Beasts that surpass all in intelligence
Of all the wild animals in the world, they are said to be the most sensitive by nature—nothing short of humans. They play, cry, and . . . laugh, too!
They are “powerful, sentient, intelligent, sensitive, naughty, playful, emotional, perceptive, resilient, intuitive, compassionate, intimidating, curious, complex, and loyal to the bone.” Jaws drop. Heads turn. People freeze in their tracks. Kids scamper up chortling with delight as this hulking figure lumbers by majestically.
The 12th of August, every year, is dedicated to this largest terrestrial mammal on this planet: the elephant. The day marks the World Elephant Day. Let us also devote a little of our time and get to know this gargantuan ‘wonder’ a little closer.
Obedient and Intelligent
For their unwieldy size and a deceptively meek bearing, the elephants belie their intelligence to a phenomenal level. Whether in the zoo, or a safari in one of our National Parks, it lets you ride on its back . . . so docile and obedient like a child. If you have visited Chitwan National Park, you must have had this experience.
Give some bananas to a park-owned elephant, and it gently tugs at your sleeve with its flailing trunk for some more. That leaves you thrilled to the core. One word, a nudge from the mahout, and it lowers itself down to its knees, lets you climb up its trunk onto its back, or perform such tricks as standing on its hind legs or folding its enormous forelegs in a show of respect.
Once, while on an elephant ride in the Chitwan National Park, I dropped my camera-lens cover to the ground. No sweat! The mahout stopped the elephant, prodded it a little on its flanks by his feet and barked out some words. Lo and behold, the gentle giant gingerly picked it up with its prehensile trunk and handed it back to the mahout! I was tickled to the bone!
Curiously, African forest elephants have two finger-like growths at their trunk tips. Their Asian cousins have only one. Called the proboscides, they work like our fingers and help them grasp food and other tiniest of objects.
Whether it is performing amazing circus feats, playing polo, soccer or even painting colourful pictures on an easel, this colossal ‘beast of burden’ has proven its mettle all over the world.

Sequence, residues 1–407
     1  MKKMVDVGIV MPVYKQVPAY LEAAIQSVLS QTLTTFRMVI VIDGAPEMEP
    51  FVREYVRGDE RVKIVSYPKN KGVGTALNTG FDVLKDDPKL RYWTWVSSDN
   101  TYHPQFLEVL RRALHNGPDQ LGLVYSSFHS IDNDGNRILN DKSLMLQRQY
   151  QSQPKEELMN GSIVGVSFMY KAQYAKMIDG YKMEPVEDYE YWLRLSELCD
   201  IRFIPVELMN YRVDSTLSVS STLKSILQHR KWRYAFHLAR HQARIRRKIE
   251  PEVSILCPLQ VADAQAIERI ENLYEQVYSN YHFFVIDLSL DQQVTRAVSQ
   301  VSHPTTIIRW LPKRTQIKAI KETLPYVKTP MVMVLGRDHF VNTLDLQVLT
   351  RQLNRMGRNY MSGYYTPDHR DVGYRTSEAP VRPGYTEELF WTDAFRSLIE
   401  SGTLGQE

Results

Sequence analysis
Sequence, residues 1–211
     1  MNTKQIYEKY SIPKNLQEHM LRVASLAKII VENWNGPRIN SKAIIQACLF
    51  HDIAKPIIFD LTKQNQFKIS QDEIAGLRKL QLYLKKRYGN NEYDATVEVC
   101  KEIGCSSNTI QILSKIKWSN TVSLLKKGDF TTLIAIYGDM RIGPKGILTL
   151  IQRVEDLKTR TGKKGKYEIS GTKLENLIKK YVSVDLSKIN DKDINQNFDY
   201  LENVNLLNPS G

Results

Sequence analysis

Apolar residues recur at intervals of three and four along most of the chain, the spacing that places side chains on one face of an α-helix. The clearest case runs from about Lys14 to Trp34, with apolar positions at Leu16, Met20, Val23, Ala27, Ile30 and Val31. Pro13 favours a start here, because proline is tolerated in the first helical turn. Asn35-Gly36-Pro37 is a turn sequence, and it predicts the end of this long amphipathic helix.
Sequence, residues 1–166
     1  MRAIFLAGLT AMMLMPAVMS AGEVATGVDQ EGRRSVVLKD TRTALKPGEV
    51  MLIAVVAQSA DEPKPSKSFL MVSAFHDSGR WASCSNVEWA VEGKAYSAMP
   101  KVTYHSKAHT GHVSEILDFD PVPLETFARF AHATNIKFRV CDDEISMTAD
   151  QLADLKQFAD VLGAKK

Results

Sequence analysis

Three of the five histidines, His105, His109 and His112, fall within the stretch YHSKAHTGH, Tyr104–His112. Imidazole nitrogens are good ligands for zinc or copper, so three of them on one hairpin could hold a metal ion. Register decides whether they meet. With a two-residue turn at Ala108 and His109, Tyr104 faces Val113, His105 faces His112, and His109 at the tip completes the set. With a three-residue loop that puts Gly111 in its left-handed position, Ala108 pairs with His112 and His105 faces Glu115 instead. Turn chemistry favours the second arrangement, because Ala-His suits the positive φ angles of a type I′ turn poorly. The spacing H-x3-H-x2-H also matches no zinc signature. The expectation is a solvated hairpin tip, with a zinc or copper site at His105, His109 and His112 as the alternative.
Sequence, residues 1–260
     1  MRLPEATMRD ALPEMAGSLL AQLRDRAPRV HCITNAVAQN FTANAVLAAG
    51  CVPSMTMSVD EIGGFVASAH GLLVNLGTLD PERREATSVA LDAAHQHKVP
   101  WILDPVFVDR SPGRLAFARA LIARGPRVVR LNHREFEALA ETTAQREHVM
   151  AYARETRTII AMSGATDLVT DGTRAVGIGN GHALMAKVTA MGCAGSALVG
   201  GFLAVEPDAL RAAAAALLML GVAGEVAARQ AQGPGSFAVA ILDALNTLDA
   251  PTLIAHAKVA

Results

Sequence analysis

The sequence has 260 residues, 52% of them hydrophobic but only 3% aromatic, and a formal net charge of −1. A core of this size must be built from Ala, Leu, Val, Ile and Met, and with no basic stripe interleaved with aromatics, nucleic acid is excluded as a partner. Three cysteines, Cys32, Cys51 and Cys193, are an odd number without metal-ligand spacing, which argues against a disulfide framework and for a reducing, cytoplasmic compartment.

Sensitive and emotional
Of all the wild animals in the world, elephants, or ‘pachyderms’ are said to be the most sensitive by nature—nothing less than humans. Did you know that they play, cry, and . . . laugh, too?
They are so susceptible that if a baby calf, the cynosure of the herd so much as whines, the entire family, ill at ease, rushes over to nuzzle and caress it. Their display of respect and empathy for every family member is exemplary. When a lost member reunites with the herd, it is greeted by the rest with benign affability.
When talking about feelings and emotions, the elephants have, by far, an edge over other animals, domesticated or wild. If a calf is stillborn, if any member of the herd is in distress, or when death strikes one of the family members—they grieve like humans.
They are said to have a legendary memory. “You might know 200 people. Well, an elephant might know 500 or 1000 elephants. It’s got to remember every single one of those to get along well with its friends. So yes, elephants have fabulous memories, and this is one of the things that makes them so special,” writes, elephant ecologist Stephen Blake.
For millenniums, elephants evoked a sense of awe in human beings. More so culturally in Asia. Elephant lore is plentiful. To the followers of Hinduism, this creature identifies itself as the best known and the most widely worshipped deity in the Hindu pantheon, Ganesha or Ganpati. If you care to observe, you will run into a Ganesh idol or a temple virtually at every Kathmandu Street—virtually every nook and corner.
Part human, part elephant, the son of Lord Shiva and Parvati, Ganesha is invoked by all as the icon of intellect and wisdom, a patron of arts, lord of success and sciences, and destroyer of evils. The great Hindu epic, the Mahabharata, vividly relates great battles fought and won with elephants as war vehicles.
To one and all, the women folks and kids more so, the sight of a domesticated elephant evokes awe, respect, affection, and deep veneration as it is identified with God Ganesha. People even touch it devoutly as it lumbers by.
African vs. Asian
Elephants are near-ungulates. They have toenails rather than hooves. The word elephant that has its roots in Latin comes from two words: ‘ele’ meaning arch and ‘phant’ meaning huge.